April 17, 2013 —
With a collection of old documents and photos, along with plenty of cake and refreshments, officials and residents alike celebrated the 175th anniversary of Carter County Wednesday at the old courthouse.
“I think the same architect built all of these old courthouses,” said county Judge-Executive Charles Wallace while reviewing historical images of the old courthouse as well as its predecessor, noting he has observed similar courthouse features at county seats statewide.
Wallace said he and many of the 75 to 80 guests who visited the display of old documents and photos in the former county extension office found an old treasury report to be among the most fascinating items in the tabletop exhibit.
“In 1920, revenue to the county was $19,000,” Wallace said, adding vendor’s receipts were typically for amounts such as $2 or $3. “That doesn’t sound like much, but in today’s dollars ...”
A section of the original metal ceiling from the third-floor circuit court room was also of interest to many, Wallace said, explaining the remainder of the old-style ceiling remains intact and may someday again be revealed.
“I would like to take that courtroom back to like it originally was,” the judge executive said, explaining he would like to use the large courtroom for fiscal court meetings although a great deal of work would have to be finished before that can happen.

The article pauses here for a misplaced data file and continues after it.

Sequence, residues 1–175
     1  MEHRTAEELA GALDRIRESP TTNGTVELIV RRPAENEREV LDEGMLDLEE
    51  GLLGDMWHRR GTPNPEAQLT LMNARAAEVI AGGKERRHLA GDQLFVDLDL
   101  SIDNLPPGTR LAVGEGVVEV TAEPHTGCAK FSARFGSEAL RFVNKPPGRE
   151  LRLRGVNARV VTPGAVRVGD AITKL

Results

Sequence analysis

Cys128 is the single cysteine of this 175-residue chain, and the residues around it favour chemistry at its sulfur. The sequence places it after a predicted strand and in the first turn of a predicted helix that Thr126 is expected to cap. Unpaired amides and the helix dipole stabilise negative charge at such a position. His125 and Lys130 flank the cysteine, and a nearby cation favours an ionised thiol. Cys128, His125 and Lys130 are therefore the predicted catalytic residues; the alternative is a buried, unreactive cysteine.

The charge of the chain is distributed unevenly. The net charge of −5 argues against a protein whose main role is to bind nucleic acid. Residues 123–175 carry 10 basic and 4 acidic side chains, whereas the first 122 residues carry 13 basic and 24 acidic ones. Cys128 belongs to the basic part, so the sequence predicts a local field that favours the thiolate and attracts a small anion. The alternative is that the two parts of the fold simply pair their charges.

Photos of attorneys and judges were also scrutinized for details.
“Some of them are still around,” Wallace said, pointing out the youthful appearance of Judge Henry R. Wilhoit Jr. in one photo, and the smiling faces of young attorneys Will and Rupert Wilhoit in the neighboring image.
Wallace said the county’s archives contain many historical photos and documents which may be added to the 175th anniversary exhibit.
“Some of this stuff, you get started reading and you don’t want to stop,” he said, adding the exhibit will remain on the first floor of the old courthouse for a least a while.
“Definitely, we are going to keep a lot of this stuff out and open for people and we’re going to try to get more. If anybody wants to they can call my office and they will be welcome to come see it.”
Tim Preston can be reached at firstname.lastname@example.org or (606) 326-2651.